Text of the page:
BY The Editors
August 28-September 10, 2011 Issue | Posted 8/19/11 at 6:11 PM
No Compromise With China
Regarding the recent illicit Chinese ordination of bishops (“China Watching in the Vatican,” NCRegister.com, July 14):
You can’t bargain with the devil. This should be clearly understood by Vatican officials who persist in establishing, at all costs, improved relations with communist China. The Chinese government will never openly accept the Catholic Church. It will never recognize anything other than state-backed churches with bishops sympathetic to the communist regime. Essentially, the true Catholic Church must remain an underground institution in China.
Chinese Catholics have been recently encouraged by some Vatican officials to seek government recognition as members of the “official” or “open” church, a step that would require them to join the government-run Chinese Catholic Patriotic Association. This has emboldened authorities in Beijing to appoint bishops without papal approval and has managed to sway many Chinese Catholics to the government’s side. This strategy of compromise is of a piece with the old Ostpolitik — Pope Paul VI’s controversial policy of accommodating communist governments in an attempt to obtain better conditions for Catholics behind the Iron Curtain during the 1960s and ’70s. This policy of compromise failed in Russia — just as it is failing today in China.
The Church is called to evangelize, and so it must try to work with the world’s governments and with various peoples and those of different faiths. Nonetheless, Pope John Paul II reminds us: “In matters of faith, compromise is in contradiction with God who is Truth” (Ut Unum Sint). In Evangelium Vitae, he further states: “In the proclamation of this Gospel, we must not fear hostility or unpopularity, and we must refuse any compromise or ambiguity which might conform us to the world’s way of thinking (Romans 12:2).”
Regarding “New York Legalizes Same-Sex ‘Marriage’” (July 17):
To paraphrase Karl Marx and Frederick Engels in the Communist Manifesto, twin specters are haunting America — the specters of moral relativism and secular humanism. They have entered our courts, our legislatures and our popular culture. More alarmingly, they have penetrated our educational system. One of their important achievements has been to instill — in our society, through our government schools — an acceptance of homoerotic behavior. Thus, we find increasing acceptance of same-sex “marriage” among our youth.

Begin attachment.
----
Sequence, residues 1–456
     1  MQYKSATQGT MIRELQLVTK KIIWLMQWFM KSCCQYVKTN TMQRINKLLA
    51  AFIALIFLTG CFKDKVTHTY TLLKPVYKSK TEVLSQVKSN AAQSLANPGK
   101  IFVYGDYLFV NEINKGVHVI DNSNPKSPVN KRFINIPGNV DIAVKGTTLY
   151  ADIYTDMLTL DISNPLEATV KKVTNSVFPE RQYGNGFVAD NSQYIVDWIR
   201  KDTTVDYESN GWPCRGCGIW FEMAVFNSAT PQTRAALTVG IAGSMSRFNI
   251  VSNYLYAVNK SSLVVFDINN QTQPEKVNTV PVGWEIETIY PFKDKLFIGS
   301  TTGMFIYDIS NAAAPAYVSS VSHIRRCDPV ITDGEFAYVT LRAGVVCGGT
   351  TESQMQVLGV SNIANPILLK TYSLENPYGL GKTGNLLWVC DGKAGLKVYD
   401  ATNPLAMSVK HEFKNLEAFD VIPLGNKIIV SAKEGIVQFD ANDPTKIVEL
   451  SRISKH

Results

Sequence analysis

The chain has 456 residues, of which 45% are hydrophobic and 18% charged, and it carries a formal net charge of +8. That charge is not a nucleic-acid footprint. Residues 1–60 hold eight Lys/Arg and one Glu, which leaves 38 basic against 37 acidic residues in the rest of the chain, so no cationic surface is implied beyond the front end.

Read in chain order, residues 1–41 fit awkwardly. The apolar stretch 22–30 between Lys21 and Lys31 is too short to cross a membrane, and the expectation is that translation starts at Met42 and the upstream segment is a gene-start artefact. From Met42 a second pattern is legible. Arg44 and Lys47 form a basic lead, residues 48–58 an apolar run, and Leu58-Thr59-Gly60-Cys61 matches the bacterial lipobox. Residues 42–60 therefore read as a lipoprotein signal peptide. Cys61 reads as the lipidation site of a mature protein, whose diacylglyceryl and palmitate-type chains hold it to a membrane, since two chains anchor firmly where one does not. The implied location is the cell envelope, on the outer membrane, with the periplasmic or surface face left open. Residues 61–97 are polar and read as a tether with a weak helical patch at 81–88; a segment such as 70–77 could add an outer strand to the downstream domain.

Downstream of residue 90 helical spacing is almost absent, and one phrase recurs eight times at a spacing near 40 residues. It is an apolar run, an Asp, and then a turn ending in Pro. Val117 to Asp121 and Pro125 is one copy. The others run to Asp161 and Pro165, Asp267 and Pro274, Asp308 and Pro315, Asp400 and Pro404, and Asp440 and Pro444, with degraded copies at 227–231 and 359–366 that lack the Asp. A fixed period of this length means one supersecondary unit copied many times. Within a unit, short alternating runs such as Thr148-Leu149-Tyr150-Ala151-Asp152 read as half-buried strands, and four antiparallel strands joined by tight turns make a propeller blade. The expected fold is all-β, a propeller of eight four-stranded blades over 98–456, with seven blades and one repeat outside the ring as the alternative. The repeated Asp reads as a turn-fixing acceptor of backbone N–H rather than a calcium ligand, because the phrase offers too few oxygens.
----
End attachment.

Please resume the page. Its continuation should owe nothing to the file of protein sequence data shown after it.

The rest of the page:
What really matters is that the homosexual movement — a manifestation of the two specters — is succeeding in its efforts to indoctrinate our young. For historical examples of this danger, recall the following quotations:
“Give me four years to teach the children, and the seed I have sown will never be uprooted.” — Vladimir Lenin
“When an opponent declares, ‘I will not come over to your side,’ I calmly say, ‘Your child belongs to us already.’” — Adolph Hitler
This immutable truth remains: A legitimate marriage exists only between one man and one woman. To suggest otherwise to our schoolchildren is an unspeakable act and a violation of their parents’ rights.
Roger W. Smith
Your front-page article (July 17) on the passage of the “gay marriage” bill in New York spoke of the bishops and Catholics being ignored in the debate.
The article failed to mention that Gov. Andrew Cuomo is Catholic, at least pointing out that he acknowledges that when it suits him. Cuomo was the major push for the bill.
State Sen. Mark Grisanti, a Republican representing parts of Erie and Niagara counties, cast a swing “Yes” vote after previously promising opposition in his election campaign. Grisanti also likes to mention being a Catholic, per a Buffalo News article dated June 17, 2011, several days before the “gay marriage” vote. In the article, Grisanti was asked how often he went to Mass. His response: “As often as I can. St. Rose at 10:30 Sunday. Unless if I gotta cut the grass, [then] I gotta miss it.”